As a kid, I never understood the expression “You can’t go home again”. I thought it was idiotic. After sleepovers at friends’ houses, after long afternoons at band practice, after a week at SeaCamp (oh, don’t act so surprised: I was and still am a dork), home was always waiting for me. No matter how much time had passed, I’d reasoned that the one thing that you could always go back to was go home.
As I grew older, my understanding of this concept changed slightly. You could still go home, but you might find that someone else lives there. Or that you aren’t welcome any more. Or that your room has been turned into a storage closet and all of your personal possessions are “in the attic” or were “given to the Goodwill.”
Time passes, people change, and sometimes home is no longer that. This realization hit me a few weeks ago, when I returned to the only place besides Seattle that I’ve ever called home: Indialantic, Florida.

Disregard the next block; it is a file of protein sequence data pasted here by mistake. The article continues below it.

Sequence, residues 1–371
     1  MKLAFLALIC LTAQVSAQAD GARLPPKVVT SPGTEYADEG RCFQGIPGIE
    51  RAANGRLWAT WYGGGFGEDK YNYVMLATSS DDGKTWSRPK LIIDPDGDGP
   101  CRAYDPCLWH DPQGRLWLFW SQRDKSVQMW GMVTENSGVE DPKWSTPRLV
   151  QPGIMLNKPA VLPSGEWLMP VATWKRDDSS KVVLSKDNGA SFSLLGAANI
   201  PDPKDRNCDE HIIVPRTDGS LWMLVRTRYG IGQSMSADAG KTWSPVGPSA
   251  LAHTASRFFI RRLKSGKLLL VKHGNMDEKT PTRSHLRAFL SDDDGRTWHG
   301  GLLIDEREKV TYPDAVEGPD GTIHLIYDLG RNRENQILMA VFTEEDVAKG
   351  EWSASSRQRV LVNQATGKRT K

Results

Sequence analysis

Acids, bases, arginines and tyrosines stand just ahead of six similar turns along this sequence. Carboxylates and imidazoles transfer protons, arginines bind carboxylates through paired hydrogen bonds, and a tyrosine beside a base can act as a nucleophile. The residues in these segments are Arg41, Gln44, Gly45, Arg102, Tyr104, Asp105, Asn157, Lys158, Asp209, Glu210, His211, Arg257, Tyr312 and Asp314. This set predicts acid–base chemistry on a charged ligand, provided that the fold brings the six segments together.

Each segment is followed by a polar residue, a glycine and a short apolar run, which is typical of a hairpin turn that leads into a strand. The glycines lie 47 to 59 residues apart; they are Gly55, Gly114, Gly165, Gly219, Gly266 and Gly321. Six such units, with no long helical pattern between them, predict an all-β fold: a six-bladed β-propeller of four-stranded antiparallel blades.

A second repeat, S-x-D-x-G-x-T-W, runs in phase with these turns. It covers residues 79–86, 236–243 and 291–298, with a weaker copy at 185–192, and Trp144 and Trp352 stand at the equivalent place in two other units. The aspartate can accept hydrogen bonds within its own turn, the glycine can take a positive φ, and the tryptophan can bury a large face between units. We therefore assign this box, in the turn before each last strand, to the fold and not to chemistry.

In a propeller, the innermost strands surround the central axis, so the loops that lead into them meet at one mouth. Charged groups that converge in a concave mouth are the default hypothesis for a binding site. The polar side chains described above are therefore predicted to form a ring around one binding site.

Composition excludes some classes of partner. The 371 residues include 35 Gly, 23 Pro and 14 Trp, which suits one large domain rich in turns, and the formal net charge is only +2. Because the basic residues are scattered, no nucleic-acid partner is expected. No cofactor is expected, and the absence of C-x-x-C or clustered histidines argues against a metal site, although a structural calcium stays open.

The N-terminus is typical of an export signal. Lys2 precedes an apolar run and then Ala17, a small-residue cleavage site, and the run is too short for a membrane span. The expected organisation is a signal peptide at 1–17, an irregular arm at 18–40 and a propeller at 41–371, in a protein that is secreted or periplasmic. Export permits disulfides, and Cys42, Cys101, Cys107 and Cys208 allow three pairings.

What’s that? … Oh, please. You have NOT heard of it. You are thinking of Indiana. Or possibly Atlantis. Both of which have a larger population of residents/mer-people than Indialatic (pop: 3,000).
Indialantic lies on a spit of land sandwiched between the Atlantic Ocean and the Indian River, and its name is as portmanteau of those two bodies of water. It is not vibrant or bustling. There’s no movie theater. I don’t know what kids nowadays do on a Saturday night (I know what we did. We rented Jeff Goldblum movies and giggled at his impossibly small waist. Kids today now ogle hairless, poreless young men who were probably genetically engineered by Disney. How sad.)